“New Mexico has shown that ending policing for profit is a true bipartisan issue with broad public support,” said Lee McGrath, Legislative Counsel for the Institute of Justice. “America is ready to end civil asset forfeiture, a practice which is not in line with our values or constitution. This law shows that we can be tough on crime without stripping property away from innocent Americans.”

Bipartisan legislation has already been introduced in both houses of Congress that would dramatically reform federal civil asset forfeiture laws. The Fifth Amendment Integrity Restoration (FAIR) Act has been introduced in the Senate by Sen. Rand Paul (R-KY), Sen. Angus King (I-ME) and Sen. Mike Lee (R-UT). In the House, Rep. Tim Walberg (R-MI), Rep. Scott Garrett (R-NJ), Rep. Tony Cárdenas (D-CA), Rep. Keith Ellison (D-MN) and Rep. Tom McClintock (R-CA) introduced an identical version of the FAIR Act.

Categories
Economy Public Comments and Testimony

Gessing Provides Expert Testimony as “Right to Work” Bill Passes First House Committee in Bi-Partisan Vote

Today in the House Business and Employment Committee, HB 75 which would make New Mexico the 25th state in the nation to adopt “right to work” legislation, passed with bi-partisan support. Rio Grande Foundation president Paul Gessing provided expert testimony which can be seen below. Next up is House Judiciary Committee:

Thank you for the opportunity to testify on the issue of whether to make New Mexico a “right to work” state. I believe that this is the most important single issue being addressed during the 2015 legislative session and I am pleased to be here.

Before I get started telling you what “right to work” is, I’d like to share with you what it is not.

“Right to Work” is not anti-union. Such laws simply restore individual choice over whether to join or not join a labor union. Moreover, federal law does not obligate unions to represent non-members. The National Labor Relations Act allows unions to sign “members’ only” contracts that apply only to dues-paying members. In 1938, the Supreme Court expressly upheld union’s ability to negotiate only on behalf of members. As William Gould, chairman of the NLRB under President Clinton, wrote, “the law now permits members-only bargaining for employees” — unions can exclude non-members from their contracts.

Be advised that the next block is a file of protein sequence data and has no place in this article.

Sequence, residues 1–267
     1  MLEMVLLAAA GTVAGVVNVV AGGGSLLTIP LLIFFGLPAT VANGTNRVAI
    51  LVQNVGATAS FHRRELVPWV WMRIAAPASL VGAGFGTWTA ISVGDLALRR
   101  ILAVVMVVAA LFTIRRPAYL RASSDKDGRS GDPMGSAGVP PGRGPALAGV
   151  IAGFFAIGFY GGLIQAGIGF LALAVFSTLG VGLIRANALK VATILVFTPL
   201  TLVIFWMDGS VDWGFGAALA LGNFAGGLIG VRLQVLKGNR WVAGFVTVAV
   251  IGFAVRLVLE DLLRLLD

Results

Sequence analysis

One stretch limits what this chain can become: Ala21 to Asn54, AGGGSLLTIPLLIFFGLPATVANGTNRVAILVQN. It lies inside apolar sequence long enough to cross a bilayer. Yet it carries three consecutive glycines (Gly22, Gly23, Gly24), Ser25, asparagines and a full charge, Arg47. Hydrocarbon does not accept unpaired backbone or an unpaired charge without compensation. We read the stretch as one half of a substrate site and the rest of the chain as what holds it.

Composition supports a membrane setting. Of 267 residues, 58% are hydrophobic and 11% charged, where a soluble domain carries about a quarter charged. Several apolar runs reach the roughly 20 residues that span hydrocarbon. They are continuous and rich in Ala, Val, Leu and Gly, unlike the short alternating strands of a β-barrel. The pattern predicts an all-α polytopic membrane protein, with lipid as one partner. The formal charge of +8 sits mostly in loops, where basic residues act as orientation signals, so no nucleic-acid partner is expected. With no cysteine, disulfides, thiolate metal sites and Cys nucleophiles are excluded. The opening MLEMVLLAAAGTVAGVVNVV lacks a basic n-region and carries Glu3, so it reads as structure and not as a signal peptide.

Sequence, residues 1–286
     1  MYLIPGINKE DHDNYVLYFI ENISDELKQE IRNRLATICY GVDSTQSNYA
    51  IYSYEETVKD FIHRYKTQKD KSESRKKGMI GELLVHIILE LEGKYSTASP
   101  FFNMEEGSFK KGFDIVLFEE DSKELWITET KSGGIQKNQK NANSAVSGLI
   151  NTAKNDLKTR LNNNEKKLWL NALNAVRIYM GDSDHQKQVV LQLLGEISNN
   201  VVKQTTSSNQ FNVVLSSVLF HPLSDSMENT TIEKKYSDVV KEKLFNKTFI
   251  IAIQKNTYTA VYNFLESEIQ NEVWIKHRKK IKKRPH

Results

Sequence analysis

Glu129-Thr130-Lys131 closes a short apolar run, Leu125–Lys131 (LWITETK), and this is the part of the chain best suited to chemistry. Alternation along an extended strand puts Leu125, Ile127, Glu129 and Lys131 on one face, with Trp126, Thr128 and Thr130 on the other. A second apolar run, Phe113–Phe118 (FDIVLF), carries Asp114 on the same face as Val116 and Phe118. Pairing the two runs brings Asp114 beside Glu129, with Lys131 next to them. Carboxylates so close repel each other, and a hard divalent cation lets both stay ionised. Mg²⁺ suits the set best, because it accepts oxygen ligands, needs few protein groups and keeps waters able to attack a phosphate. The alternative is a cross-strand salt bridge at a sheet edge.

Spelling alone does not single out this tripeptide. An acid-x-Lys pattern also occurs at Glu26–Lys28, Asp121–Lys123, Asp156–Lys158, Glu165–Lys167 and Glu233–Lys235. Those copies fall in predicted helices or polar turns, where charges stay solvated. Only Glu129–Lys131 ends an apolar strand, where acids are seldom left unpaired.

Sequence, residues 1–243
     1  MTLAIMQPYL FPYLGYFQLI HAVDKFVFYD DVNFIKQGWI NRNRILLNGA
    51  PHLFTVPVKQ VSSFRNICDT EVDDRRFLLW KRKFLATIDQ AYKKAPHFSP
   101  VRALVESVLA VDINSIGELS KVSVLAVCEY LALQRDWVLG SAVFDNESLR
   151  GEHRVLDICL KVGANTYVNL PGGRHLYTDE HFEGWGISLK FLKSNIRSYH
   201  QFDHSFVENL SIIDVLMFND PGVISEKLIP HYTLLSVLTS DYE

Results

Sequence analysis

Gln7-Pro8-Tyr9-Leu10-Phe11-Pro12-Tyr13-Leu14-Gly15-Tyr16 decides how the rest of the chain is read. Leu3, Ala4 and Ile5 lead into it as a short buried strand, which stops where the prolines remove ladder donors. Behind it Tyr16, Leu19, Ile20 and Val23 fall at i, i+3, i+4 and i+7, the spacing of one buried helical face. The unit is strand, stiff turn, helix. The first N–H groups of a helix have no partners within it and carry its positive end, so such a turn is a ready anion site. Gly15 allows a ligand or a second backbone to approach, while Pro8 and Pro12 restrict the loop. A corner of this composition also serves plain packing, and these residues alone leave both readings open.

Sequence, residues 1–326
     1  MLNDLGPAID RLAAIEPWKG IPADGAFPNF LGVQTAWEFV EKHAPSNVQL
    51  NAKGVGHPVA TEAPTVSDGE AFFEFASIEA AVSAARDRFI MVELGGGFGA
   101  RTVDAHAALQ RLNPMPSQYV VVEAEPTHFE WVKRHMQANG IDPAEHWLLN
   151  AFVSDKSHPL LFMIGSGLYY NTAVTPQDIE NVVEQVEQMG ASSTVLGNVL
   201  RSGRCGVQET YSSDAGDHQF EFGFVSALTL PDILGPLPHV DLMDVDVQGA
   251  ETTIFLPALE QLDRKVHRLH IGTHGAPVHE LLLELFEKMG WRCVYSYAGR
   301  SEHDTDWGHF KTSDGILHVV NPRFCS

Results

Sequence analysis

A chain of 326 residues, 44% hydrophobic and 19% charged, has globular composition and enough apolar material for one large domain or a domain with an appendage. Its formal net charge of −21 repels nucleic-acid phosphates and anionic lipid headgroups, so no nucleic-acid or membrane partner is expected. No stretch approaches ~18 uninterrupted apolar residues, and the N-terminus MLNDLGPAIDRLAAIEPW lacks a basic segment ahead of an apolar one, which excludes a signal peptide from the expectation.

The second thing that “right to work” is not is that it is not an economic panacea. Supporters of the law hope that by adopting such a law New Mexico will be more economically-competitive. There is ample data to show that businesses, especially those providing high-paying jobs for skilled workers, tend to locate new facilities in “right to work” states far more often than they do in non-RTW states.

How do we know this? There are reams of data showing that RTW states create more jobs, are seeing faster population growth, and are experiencing faster personal income growth than their non-RTW brethren. And, while median incomes are higher in non-right to work states, once the cost of living is factored in, median incomes in RTW states are about $5,000 higher than in non-RTW states.

I’m happy to go into that data with the Committee in detail, but let’s look at real-world businesses and the site selection professionals who help businesses locate for a living.

The first and most famous case involves the airplane manufacturer Boeing which is primarily located in Washington State, a non-right to work state. In 2009, Boeing broke ground on a facility near Charleston, in South Carolina, which is a RTW state. The facility is expected to generate 3,800 jobs and invest $750 million over the next seven years.

Boeing’s move generated a great deal of controversy, but it was clearly a decision made in part to avoid future facility shutdowns. It is worth noting that Boeing’s employees are highly-skilled and well-paid. Boeing was not moving in search of lower wages, but to avoid having its technology and resource-intensive assembly lines beholden to frequent strikes.